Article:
Tuesday, January 12, 2016

Simple Teething Pain Relief Solution

My sweet infant is three months old now, and I am pretty certain he's begun teething. He's drooling, chewing his (and my) fingers, and has bouts of uncharacteristic fussiness. Having been through this before, I preemptively armed myself with baby Tylenol, clove oil, Orajel, and chewelry, and an amber necklace. Because folks, teething is NO JOKE.

But my favorite teething pain remedy, and the one that I share with all exhausted parents, is the paci-pop. So quick, so easy, so soothing. Ready? Here's the secret technique:

Take a pacifier (MAM, Playtex, etc. - The Soothie brand ones won't work). Better yet, get a bunch.

Pinch the nipple.

Submerge the pinched paci in water (you can even run it under the tap)

 Unpinch the paci, slowly, allowing the bulb to fill with water,

The nipple will fill with water.

Put the pacifiers in the freezer. Pat yourself on the back and get yourself a bowl of ice cream while you're in there. You deserve it.

Then when your baby wakes up from his nap and is all fussy with sore gums, pop one of these bad boys in his mouth and enjoy the sweet sound of silence.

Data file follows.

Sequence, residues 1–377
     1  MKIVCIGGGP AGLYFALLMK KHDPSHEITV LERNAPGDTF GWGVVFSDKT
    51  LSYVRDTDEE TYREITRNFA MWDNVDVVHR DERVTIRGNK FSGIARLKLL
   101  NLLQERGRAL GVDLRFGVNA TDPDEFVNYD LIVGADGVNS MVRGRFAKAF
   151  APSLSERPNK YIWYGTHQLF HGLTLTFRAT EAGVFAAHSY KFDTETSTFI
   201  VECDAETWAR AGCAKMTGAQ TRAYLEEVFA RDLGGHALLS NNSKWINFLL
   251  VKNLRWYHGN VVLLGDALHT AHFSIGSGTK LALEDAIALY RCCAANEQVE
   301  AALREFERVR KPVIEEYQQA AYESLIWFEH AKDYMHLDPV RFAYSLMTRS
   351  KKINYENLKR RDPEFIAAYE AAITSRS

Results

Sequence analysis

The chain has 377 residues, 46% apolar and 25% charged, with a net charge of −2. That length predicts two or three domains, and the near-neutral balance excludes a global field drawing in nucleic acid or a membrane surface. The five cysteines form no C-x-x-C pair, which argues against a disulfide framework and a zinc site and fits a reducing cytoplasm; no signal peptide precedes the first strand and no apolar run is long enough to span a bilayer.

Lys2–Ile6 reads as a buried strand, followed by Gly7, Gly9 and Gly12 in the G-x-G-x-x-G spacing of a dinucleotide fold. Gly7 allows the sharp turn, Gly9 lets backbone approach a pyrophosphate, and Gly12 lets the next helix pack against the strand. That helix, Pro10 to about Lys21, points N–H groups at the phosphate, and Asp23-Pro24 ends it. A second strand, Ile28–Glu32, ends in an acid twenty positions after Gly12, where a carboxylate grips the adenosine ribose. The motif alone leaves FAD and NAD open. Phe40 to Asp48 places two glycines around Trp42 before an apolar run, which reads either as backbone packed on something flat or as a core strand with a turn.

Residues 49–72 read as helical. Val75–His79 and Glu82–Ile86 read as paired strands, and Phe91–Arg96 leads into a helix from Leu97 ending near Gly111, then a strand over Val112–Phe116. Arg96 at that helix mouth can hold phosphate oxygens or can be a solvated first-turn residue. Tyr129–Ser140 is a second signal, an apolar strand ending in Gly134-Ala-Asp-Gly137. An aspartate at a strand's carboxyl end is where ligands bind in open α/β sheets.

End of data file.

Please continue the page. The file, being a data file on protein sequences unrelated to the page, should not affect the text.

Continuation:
PS Put a bib on your kiddo (I recommend THESE), as the ice melts it will dribble out of the binkie and all over his cute clothes.

Monday, January 4, 2016

Toddler painting keepsake - masked stencil canvas wall art

My two year old son loves to paint and draw. I end up with stacks of scrap paper covered in scribbles that I don't know what to do with, and they usually end up in the trash. Some of his projects make it to the fridge where they live for a month or two before being filed away in a box in the garage. Every so often I like to do a craft that is a little more of an "heirloom" - something that demonstrates where he is developmentally, but is also nice enough to have on display for the long-term. The kind of project that might become a gift for his loving family and friends.

From http://innerchildfun.com/2013/02/love-painting-for-kids.html
About a year ago (when he was still one), I saw on pinterest a way to use masking tape to make a painting. In that example, you simply tape out a letter shape with masking tape, allow your child to paint the whole canvas or paper, peel away the masking tape, and voila! Instant art! It acts as a sort ot reverse stencil.

I made one of those paintings with my kiddo, on a small stretched canvas, of the KLAW's first initial and hung it in his play kitchen.

My pal Darcy, of Moonlady's Kitchen, saw our project and totally cranked it up a notch. Instead of simply using tape as-is to make block letters, she began using sheets of tape to make stencils of different shapes, and from there we took off to all sorts of projects. Here is a tutorial on how to make a variety of cute DIY wall art with your toddler.

1. Start with a stretched canvas or flat canvas in the size you want. You can either use regular acrylic craft paint (I buy mine at Walmart for 50 cents a bottle - and let the little guy pick out a new color every so often) or washable paint and then protect it with a clear coat of spray paint when you're done.